October 1, 2009 15:10 telliott
It was one of the most eagerly awaited telecom mergers of two of the world’s largest telecom giants- MTN and Bharti Airtel. In the end, the merger couldn’t materialise even after six month long discussions and efforts and involvements of the governments of two countries. The apparent stumbling block that played a major role in this deal being called off is the protectionist stance of South Africa, which pushed for retention of MTN management in South Africa, and for a “dual listing” structure for the new entity, which would preserve MTN to some extent as a separate South African company with its own set of shareholders.
Bharti said that ‘the South African government is not ready to accept the deal in current form so they have mutually decided to call-off the deal. However they are open to reengage in talks if the South African government changes its stance’.
This statement literally means that South African government played a spoilsport in this possible mega-merger as all other entities (PLC and the Mikati family- the two biggest shareholders in MTN with 23% and 9% stake respectively -and Bharti shareholders) have already given the nod for the deal to go through. This was in complete contrast to what happened last year when the deal was called off because shareholders didn’t agree to the deal. This time even the Indian government was in favour of going through with the deal. The importance of this deal can be gauged from the fact the Prime Ministers of both India and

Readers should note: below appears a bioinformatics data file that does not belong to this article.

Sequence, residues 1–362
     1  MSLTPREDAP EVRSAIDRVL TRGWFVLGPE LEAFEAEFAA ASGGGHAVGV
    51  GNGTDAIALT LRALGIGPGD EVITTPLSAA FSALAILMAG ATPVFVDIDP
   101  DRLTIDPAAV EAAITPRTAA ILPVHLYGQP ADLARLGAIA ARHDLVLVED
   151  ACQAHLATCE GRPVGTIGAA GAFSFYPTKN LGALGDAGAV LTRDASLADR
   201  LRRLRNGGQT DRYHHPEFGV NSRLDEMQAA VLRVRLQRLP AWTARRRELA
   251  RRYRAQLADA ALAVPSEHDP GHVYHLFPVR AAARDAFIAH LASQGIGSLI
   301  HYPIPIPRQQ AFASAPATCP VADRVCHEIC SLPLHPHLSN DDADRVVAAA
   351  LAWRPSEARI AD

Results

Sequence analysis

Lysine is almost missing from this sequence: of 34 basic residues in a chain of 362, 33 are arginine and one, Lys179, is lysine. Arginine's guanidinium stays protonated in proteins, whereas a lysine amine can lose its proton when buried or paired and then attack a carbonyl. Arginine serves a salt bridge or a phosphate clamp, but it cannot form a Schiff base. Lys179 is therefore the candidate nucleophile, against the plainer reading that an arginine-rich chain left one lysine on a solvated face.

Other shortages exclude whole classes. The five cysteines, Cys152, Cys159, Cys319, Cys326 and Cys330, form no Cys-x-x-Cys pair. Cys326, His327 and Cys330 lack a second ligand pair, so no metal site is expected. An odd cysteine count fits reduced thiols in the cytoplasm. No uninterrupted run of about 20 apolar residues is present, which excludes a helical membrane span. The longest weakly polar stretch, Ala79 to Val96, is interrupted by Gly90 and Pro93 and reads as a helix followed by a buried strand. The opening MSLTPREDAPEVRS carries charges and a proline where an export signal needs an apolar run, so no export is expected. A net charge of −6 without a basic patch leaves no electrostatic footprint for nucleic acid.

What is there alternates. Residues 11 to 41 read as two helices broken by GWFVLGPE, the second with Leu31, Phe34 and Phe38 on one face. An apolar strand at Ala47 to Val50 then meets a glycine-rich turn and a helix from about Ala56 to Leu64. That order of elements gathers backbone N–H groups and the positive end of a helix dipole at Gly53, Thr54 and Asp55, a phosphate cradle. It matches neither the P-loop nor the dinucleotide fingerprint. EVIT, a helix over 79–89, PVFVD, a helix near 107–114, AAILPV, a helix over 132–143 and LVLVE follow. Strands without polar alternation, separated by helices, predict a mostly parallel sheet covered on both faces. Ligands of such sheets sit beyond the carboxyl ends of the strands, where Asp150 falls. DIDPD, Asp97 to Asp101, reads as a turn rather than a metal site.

South Africa discussed the deal at G20 Summit recently and wanted it to go through.
MTN shares fell 3% today after the announcement that the deal was called off.
The statement that the South African government didn’t allow the deal to go through has to some extent tarnished the image of that government and has put it in a bad light.
I think that this deal can still happen. All it needs is an active participation between the governments of both the countries. Operators just need to persuade their respective governments.